[Review] Purohit ICIP’18: Learning Based Single Image Blur Detection (Blur Detection)
In this story, Learning Based Single Image Blur Detection and Segmentation, Purohit ICIP’18, by Indian Institute of Technology Madras, is reviewed. In this paper:
- Global context and local features are jointly learned in the network. Two sub-networks are trained to perform the task at global (image) and local (patch) levels.
- The pixel-level probabilities are aggregated and estimated by two networks and then fed to a MRF based framework which returns a refined and dense segmentation-map.
This is a paper in 2018 ICIP. (Sik-Ho Tsang @ Medium)
- Proposed Network Architecture
- Experimental Results
1. Proposed Network Architecture
1.1. Patch Level Classification Network (Bottom)
- 30×30 small image patches are as input.
- These small image patches are obtained from synthetically blurred images.
- Each ConvBlock has 2 convolutional layers containing filters of size 3×3.
- For the first layer, it has 32 filters, followed by ReLU, then followed by another conv with stride of 2, followed by Batch Norm (BN-Inception / Inception-v2) and ReLU.
- The two subsequent ConvBlocks carry the same structure but have 64 and 128 filters respectively.
- After that, fully connected layer is used to bring down the dimension to 1, then pass through Sigmoid layer to obtain the the probability of patch being blurred.
Aggregating the blur probabilities for patches distributed over the input image forms a coarse estimate of segmentation map.
- The training examples come from 500 all-in-focus images containing diverse scenes and textures obtained from Flickr dataset and 300 sharp images selected from the ILSVRC dataset.
- To simulate motion blur, 1000 realistic motion blur kernels are generated by following the approach described in .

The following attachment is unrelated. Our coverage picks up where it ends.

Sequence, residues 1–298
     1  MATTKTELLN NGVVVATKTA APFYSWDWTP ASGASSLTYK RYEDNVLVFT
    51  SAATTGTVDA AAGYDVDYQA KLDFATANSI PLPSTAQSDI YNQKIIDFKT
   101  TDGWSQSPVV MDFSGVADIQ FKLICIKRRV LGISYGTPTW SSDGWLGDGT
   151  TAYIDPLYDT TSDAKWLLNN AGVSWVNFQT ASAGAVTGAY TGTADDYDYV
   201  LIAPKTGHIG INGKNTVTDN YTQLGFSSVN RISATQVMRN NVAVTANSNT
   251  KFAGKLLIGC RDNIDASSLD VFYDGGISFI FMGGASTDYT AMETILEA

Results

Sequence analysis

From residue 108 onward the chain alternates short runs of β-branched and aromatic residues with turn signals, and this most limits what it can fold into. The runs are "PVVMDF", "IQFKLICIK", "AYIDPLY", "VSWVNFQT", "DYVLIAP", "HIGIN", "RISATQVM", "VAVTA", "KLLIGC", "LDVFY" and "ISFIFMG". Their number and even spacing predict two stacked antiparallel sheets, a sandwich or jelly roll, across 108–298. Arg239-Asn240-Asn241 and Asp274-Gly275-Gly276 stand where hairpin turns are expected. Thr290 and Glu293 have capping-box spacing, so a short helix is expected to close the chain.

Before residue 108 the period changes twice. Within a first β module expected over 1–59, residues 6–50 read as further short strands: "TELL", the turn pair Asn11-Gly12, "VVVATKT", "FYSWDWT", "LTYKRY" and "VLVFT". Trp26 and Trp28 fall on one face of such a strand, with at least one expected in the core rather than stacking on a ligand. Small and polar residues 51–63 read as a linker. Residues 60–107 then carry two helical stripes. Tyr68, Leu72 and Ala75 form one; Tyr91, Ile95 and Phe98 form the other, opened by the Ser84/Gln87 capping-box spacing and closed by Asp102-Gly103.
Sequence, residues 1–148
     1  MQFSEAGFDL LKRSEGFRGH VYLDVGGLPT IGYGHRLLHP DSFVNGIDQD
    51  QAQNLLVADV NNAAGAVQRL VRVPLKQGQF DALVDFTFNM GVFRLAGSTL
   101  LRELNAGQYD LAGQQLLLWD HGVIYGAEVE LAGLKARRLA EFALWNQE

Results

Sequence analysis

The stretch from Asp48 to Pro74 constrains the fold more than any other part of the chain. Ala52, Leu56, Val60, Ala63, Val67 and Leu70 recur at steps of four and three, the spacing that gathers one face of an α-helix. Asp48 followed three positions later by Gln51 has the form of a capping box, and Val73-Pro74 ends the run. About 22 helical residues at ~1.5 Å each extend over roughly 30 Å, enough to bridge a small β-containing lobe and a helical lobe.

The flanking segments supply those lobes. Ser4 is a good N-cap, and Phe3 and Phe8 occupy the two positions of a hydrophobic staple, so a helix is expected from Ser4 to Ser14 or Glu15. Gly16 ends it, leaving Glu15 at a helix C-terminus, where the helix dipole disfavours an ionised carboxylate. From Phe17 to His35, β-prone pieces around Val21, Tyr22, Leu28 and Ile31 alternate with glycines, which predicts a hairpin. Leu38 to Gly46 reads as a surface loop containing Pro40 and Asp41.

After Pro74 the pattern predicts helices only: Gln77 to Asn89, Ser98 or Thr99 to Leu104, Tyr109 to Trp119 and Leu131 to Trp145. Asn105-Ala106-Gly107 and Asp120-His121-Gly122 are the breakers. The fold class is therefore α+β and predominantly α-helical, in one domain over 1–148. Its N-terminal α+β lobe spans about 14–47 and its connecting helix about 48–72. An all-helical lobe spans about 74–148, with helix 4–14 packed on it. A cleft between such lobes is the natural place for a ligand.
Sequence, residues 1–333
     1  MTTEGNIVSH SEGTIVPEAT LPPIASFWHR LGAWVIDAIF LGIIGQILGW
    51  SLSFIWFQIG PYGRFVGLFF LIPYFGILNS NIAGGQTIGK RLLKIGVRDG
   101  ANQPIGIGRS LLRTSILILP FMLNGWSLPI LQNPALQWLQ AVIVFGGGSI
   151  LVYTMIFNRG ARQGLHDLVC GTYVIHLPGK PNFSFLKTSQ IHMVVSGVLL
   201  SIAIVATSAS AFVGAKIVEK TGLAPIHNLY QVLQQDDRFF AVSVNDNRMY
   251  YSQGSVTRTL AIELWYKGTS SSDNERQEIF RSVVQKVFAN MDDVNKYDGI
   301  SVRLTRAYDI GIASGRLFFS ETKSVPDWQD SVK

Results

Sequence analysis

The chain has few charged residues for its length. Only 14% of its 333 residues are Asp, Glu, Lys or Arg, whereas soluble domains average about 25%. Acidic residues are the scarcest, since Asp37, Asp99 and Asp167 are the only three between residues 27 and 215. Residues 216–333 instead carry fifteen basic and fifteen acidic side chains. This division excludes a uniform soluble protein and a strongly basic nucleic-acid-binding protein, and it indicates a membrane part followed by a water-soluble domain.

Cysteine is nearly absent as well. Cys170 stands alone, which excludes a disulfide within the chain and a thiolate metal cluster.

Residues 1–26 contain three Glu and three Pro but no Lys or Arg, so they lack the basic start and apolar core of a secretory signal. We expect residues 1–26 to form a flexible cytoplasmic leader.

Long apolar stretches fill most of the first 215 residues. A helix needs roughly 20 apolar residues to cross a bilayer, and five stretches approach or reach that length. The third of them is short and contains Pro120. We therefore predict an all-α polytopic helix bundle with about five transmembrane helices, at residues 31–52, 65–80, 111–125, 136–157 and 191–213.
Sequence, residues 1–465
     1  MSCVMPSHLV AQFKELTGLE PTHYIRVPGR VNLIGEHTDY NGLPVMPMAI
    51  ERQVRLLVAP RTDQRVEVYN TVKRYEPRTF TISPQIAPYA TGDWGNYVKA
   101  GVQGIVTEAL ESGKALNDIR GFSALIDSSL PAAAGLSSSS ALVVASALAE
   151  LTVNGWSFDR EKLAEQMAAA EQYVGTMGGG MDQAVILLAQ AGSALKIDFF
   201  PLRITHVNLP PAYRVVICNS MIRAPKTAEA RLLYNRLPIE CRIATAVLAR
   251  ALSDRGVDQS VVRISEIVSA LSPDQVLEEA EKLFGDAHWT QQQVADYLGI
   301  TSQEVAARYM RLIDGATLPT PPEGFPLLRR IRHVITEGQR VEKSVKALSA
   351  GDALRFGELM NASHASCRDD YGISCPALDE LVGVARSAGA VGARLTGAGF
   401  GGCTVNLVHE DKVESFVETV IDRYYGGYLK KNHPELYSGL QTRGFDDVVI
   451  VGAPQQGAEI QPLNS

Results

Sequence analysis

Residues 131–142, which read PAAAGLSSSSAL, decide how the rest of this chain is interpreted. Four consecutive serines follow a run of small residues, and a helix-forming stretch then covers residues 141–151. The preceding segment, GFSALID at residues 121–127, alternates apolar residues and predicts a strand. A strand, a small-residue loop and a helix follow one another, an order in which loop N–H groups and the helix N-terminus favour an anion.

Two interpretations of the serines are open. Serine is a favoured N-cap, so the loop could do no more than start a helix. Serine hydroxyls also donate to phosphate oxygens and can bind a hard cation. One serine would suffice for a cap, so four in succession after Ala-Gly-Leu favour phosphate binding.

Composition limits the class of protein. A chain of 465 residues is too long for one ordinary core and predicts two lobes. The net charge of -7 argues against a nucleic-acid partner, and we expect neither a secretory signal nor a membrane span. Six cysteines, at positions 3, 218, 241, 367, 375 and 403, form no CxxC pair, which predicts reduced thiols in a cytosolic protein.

- Optical blur is simulated using Gaussian blur kernels with variance σ². σ is varied from 0.5 to 4 in steps of 0.2.
- Each image I is convolved with N blur kernels randomly selected from our set to generate N blurred images.
- 2×10⁵ image patches of size 30×30 are extracted from random locations in these images, but only those patches for training whose entropy (a measure of textureness) is greater than 4.5.
- This dataset is divided into 80% train and 10% each for both test and validation purpose.
- During testing, this process involves extraction of overlapping patches from the input image and passing them through the network to get their corresponding probabilities.
- This estimated probability is assigned to all the pixels contained in the patch, while averaging the values in the pixels being overlapped by other patches.
1.2. Image Level Classification Network (Top)
- A fully convolutional encoder-decoder network with skip connections is trained, which inspired from Pix2Pix.
- Pix2Pix is originally used for image-to-image translation task, in which the generator has a similar network architecture as U-Net. (If interested, please feel free to read Pix2Pix and U-Net.)
- It is trained using the dataset provided in Park CVPR’17.
- It is noted that when the training data is limited in size, inclusion of adversarial loss term ensures that the estimated segmentation-map is both semantically meaningful and close to the ground truth.
- The original L1 loss in Pix2Pix, is replaced by binary cross entropy loss as the targets are binary images, with the final layer as Sigmoid layer.
- The number of filters to is fixed as 64 throughout the network instead of doubling when downsizing since the task does not require learning of very deep hierarchical features.
- The dataset in Park CVPR’17 is used, i.e. 1000 images with human labelled blur regions, among which 296 are partially motion-blurred and 704 are defocus-blurred.
- It is divided into training and test sets (90%-10%).
1.3. Final Detection and Segmentation
- The outputs of the two networks have complimentary properties.
- Pixel-wise multiplication is performed: b(p) = b1(p) * b2(p).
The patch-level network is able to detect blurred regions with sufficient accuracy. However, sharp but homogeneous regions are also flagged as blurred in this map and the edges are not aligned.
On the other hand, the image level regression network’s map contains refined edges and is able to correctly classify homogeneous regions, but sometimes misclassifies blurred regions as sharp too.
- The probabilities b(p) are fed to an MRF for post-processing to obtain the final result.
2. Experimental Results
2.1. Qualitative Comparison
- The 100 test images in Park CVPR’17 are used for testing.
- The segmentation results returned by the proposed algorithm are very close to the ground truth. They are significantly more accurate than prior art.
2.2. Quantitative Comparison
- For binary segmentation, A simple thresholding method is applied to the defocused maps.
- It is observed that the proposed approach can effectively segment the image into defocused and focused regions.